Hanks: Fire Season
March 17, 2017
Gentle readers, I don't even remember the first time I heard the phrase "fire season." I don't.
We moved to Colorado in the summer of 1985 over 31 years ago. There was only one time I remember having to go up a mountain side with a chain saw and shovel to put out a lightning strike in the pinions.
I don't remember a fire EVER when we lived on the expansive Mallett Ranch in an oil field camp. There were pump jacks and tank batteries everywhere you looked and everyone smoked. Yet never a grass fire in the nine years we lived there when I was a lad growing up.
There were those huge fires in Colorado Springs and up in the mountains just west of the ONO a few years back. Folks would stop on the interstate to take photos of those huge billowing clouds of smoke as if an atomic bomb had gone off. Scary stuff.
“I reckon fire season is any season when it is windy and dry and it doesn’t matter if it’s in the mountains or on the plains.”
I reckon fire season is any season when it is windy and dry and it doesn't matter if it's in the mountains or on the plains. We have had four, count them four, fires within 2 miles of my place within the last two years.
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That one right out my front door scared the bejeebees out of me. I opened the front door to be confronted with a huge grass fire across the road and had ash and embers landing in my yard and on my house. I didn't know what to do first, I didn't!
Thank God the wind shifted a little and took the fire on up the road. We had a fire last week that burned 2,000 acres just north of here because someone was welding in this high dry wind. Thankfully there was no loss of structures.
Recently, north of McLean, Texas, an area where Martha and I operated a ranch in the '70s had a fire that consumed over 100,000 acres. But that's not all it consumed. A young cowboy, age 20, his girlfriend, a nurse in her 20s and another young man in his 30s were all killed trying to save the livestock on a ranch there.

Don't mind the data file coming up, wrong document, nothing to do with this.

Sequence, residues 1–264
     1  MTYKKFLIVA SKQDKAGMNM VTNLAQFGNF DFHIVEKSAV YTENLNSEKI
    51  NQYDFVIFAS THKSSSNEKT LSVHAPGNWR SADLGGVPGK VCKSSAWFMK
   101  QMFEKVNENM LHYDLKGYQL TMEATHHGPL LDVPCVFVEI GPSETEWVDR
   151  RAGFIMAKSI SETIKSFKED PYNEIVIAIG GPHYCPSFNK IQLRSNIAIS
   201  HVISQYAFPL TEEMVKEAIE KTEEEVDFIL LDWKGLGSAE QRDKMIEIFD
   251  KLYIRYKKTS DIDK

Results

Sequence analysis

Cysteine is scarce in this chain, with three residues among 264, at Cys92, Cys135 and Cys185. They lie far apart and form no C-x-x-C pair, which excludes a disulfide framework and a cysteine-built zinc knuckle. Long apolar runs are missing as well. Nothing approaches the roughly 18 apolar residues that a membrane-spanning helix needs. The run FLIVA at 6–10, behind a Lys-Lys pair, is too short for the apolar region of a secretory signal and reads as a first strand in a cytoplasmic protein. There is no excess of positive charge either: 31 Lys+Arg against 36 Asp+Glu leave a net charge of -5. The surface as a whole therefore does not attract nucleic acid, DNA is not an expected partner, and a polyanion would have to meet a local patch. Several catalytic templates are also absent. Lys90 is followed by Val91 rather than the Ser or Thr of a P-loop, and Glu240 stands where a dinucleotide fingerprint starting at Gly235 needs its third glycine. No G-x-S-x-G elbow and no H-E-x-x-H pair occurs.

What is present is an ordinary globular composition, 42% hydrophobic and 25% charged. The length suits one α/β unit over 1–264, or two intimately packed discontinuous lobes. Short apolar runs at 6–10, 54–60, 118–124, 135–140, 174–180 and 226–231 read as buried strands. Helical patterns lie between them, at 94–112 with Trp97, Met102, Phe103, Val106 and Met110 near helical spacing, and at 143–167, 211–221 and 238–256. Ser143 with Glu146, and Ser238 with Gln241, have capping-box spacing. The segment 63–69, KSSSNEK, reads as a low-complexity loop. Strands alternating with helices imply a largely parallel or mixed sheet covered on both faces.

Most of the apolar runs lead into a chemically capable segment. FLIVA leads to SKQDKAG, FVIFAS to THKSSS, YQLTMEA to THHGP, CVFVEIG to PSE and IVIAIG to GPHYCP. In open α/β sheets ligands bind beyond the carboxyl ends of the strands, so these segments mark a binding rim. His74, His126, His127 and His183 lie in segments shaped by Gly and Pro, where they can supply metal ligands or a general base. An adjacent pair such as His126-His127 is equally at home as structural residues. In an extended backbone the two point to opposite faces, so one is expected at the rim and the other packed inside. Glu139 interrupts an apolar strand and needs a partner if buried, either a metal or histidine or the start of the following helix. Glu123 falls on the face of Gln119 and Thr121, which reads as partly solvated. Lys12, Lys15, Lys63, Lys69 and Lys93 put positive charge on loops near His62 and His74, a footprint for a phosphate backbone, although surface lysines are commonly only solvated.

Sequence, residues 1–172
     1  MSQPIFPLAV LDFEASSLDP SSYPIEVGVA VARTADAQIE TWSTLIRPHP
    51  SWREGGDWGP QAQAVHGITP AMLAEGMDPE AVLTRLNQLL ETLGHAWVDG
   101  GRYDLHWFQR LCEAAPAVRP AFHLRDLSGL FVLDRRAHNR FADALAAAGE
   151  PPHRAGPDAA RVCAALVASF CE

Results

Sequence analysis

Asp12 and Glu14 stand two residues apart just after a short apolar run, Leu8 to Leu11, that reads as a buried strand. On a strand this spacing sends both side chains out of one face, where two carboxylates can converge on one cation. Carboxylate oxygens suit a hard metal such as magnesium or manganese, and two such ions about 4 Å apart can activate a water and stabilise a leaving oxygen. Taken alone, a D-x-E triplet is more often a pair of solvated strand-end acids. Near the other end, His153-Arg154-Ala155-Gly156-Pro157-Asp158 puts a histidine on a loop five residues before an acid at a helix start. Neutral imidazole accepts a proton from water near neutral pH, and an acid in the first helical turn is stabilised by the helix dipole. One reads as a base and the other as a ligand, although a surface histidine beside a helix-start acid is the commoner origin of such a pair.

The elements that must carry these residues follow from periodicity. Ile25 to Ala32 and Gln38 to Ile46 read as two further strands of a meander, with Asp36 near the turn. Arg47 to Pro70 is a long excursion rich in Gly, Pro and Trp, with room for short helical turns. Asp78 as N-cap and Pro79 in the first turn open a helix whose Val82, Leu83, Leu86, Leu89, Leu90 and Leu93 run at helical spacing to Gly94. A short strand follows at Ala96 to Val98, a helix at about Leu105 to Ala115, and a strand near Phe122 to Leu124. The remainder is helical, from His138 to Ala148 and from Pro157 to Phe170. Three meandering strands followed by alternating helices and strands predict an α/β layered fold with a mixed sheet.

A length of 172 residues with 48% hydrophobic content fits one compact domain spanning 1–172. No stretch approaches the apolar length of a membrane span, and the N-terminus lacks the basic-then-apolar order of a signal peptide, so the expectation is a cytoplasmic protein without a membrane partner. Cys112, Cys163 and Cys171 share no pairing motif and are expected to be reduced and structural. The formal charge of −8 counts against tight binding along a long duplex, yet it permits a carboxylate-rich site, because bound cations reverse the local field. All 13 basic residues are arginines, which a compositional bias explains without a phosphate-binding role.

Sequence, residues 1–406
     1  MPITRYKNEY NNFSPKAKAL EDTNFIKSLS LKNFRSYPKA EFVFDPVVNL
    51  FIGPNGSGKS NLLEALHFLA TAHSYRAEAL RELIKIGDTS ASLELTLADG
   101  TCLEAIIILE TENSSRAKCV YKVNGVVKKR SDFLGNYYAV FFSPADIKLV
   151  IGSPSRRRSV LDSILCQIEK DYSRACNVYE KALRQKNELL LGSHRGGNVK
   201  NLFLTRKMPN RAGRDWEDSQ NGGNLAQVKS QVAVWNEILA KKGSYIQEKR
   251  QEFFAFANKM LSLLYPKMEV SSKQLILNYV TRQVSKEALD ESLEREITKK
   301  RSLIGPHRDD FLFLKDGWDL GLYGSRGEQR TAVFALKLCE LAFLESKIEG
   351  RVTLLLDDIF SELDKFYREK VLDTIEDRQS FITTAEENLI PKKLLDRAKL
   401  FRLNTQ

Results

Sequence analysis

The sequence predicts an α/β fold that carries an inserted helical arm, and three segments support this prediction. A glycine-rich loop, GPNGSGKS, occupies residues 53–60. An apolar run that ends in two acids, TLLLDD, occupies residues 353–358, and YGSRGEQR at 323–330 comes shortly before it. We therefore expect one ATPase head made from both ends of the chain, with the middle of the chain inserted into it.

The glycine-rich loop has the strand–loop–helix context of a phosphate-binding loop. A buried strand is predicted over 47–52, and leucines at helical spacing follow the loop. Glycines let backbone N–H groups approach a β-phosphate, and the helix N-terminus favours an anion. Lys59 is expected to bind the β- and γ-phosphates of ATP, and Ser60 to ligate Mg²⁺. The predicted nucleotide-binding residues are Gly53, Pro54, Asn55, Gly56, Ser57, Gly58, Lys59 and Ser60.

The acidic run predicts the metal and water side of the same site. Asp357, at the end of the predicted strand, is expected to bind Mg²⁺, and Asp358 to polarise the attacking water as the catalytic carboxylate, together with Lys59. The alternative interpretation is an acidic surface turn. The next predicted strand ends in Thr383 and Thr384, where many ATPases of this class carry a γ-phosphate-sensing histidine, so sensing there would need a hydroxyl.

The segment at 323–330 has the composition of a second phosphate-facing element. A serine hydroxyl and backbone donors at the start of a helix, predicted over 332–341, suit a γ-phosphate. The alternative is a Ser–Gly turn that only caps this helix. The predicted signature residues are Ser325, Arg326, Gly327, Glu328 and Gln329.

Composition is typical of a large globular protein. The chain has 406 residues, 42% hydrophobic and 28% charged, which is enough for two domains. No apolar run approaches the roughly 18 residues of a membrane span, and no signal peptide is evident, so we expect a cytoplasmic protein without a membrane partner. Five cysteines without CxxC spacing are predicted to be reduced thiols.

The man in his 30s was a father of two with another on the way and he worked on the ranch that belonged to his father-in-law. I brought up the Amarillo paper on the internet and saw photos of these young folks. Beautiful young people doing what they thought they needed to do to save some horses and cows. They died in the process, so very, very sad!
In eastern Colorado, a 30,000-acre fire consumed five structures, houses I think, and some 200 head of cattle. That children is a monumental loss financially! Up at Perryton, Texas, in the panhandle, a 300,000-acre fire consumed the ranch home of John Erickson, cowboy, author and creator of the "Hank The Cow Dog" series of books and tapes. I read that John sold his books and tapes, all 9 million, all around the world. Not bad for an old cowboy but sad he lost his beautiful home.
I go walking down the county road on occasion and I see the cigarette butts tossed out a car window into the tall grass in the ditch. How STUPID AND LAZY AND THOUGHTLESS can one be?
Fires don't just start. People have to start them unless it's lightning or a power line goes down. Mostly it's just folks burning trash or not putting out a camp fire correctly.
Just the same, it can be so very deadly and so destructive! I will admit I have burned tumbleweeds here in my back yard but always when the wind was down and I had a water hose running nearby.
It looks like the fire season is going to last well into late spring and maybe all summer. Please be careful because you may cause some young man or woman to try and do what can't be done and lose their life in the process.
Stay tuned, check yer cinch on occasion and don't be that thoughtless, lazy person that may burn me out of house and home some time in the future! I'll c' y'all, all y'all.❖
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